The Avengers: Age of Ultron is coming next year and I’m kind of excited. Not sell-my-soul-for-an-early-screening excited, but I’m looking forward to it. One of the reasons I’m excited is that the first Avengers film did a truly exemplary job of drawing its large cast of characters and making them dynamic, relatable and fun. Even if you’d never seen a movie from the Marvel cinematic universe you could enjoy the film – I’d only seen Captain America: The First Avenger before I sat down to watch Marvel’s The Avengers and I still managed to follow everything quite well.
The Avengers was a masterpiece of tight writing and character conflict and, in preparation for Age of Ultron, I’m going to take the next several months to unpack the great writing in the first film one story arc at a time.
The best way to understand The Avengers is to view it not as one story but seven and to analyze those seven stories by their basic conflicts. The largest story is the story of Earth, represented by SHIELD and the Avengers, against Loki and the Chituari. The conflict is character(s) against character(s). But within that story there are six other stories taking place, each of which makes the larger story richer and helps us understand each of the individual characters in the story much better.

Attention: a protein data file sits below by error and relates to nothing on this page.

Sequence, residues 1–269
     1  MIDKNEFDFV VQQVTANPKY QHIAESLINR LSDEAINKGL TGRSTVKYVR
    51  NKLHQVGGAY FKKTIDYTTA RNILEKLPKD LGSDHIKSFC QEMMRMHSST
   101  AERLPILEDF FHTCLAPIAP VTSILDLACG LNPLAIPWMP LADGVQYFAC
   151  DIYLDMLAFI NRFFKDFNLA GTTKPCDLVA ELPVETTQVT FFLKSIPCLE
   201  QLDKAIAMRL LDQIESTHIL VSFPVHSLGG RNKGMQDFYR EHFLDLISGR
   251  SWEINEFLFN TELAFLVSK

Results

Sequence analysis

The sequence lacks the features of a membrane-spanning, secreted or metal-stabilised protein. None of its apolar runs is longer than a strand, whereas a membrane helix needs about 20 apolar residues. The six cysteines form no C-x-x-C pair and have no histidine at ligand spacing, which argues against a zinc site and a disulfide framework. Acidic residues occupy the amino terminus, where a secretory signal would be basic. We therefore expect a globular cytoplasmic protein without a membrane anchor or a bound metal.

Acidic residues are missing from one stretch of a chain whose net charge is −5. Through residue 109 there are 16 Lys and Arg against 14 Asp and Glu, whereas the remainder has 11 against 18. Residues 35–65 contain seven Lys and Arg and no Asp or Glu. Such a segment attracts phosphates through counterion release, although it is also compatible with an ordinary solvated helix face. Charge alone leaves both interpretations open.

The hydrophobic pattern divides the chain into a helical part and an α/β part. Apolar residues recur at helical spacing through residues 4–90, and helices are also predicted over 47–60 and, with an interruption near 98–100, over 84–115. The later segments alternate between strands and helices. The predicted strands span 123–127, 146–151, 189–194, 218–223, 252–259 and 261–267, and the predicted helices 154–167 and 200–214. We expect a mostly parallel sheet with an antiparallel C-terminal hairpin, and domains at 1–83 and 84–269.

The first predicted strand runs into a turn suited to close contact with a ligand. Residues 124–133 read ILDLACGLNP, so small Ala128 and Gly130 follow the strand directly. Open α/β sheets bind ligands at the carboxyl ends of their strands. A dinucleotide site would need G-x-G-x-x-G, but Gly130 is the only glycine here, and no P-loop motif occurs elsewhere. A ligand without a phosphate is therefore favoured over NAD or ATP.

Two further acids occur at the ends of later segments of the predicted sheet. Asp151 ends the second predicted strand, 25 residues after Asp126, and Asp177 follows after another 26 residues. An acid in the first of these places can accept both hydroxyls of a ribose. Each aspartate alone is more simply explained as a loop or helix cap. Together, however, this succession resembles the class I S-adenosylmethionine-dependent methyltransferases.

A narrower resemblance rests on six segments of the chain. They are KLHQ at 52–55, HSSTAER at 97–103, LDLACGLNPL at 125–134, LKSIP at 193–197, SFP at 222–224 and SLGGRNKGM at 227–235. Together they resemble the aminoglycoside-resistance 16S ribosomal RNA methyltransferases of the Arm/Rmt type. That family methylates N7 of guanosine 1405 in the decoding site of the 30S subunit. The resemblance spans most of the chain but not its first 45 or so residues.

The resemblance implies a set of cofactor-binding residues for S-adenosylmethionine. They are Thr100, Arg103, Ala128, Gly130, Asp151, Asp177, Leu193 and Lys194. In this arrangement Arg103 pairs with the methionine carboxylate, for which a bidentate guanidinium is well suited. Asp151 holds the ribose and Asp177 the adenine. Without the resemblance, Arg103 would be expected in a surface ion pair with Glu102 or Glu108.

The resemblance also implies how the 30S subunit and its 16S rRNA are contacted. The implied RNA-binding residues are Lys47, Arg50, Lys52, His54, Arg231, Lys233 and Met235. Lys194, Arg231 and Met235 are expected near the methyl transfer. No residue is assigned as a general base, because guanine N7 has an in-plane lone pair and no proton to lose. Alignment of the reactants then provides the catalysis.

For today we’re going to start with the character who I think people who watched The Avengers understood the least: Bruce Banner and The Hulk.
Bruce Banner was an omnidisciplinarian scientist who was trying to replicate the supersoldier serum that gave Captain America his abilities. Instead he created a formula that made him invincible and unbelievably strong when enraged. It also takes a lot of his conscious thought process away and replaces it with instinct.
Bruce Banner’s conflict is character against himself. Bruce sees the Hulk as a horror that he must suppress and control or the people around him will be threatened.
We Meet Bruce Banner
“I’m going to talk to Stark. You’re going to talk to the big guy.” – Phil Coleson